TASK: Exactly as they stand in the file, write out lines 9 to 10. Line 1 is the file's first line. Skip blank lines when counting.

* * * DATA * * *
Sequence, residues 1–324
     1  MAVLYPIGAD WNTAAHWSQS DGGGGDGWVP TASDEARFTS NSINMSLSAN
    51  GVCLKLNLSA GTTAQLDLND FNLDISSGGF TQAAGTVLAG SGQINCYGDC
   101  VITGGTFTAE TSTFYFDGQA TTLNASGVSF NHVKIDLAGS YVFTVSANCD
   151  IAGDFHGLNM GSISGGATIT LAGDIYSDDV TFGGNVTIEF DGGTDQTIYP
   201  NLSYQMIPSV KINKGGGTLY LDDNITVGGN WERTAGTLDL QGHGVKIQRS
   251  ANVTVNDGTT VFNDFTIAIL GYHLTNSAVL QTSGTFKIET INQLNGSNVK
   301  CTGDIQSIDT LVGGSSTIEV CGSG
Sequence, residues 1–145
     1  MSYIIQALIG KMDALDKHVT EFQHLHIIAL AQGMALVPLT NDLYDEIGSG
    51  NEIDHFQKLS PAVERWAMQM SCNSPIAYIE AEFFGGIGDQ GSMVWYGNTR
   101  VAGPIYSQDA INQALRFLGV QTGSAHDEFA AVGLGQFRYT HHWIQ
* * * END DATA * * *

Sequence, residues 1–145
     1  MSYIIQALIG KMDALDKHVT EFQHLHIIAL AQGMALVPLT NDLYDEIGSG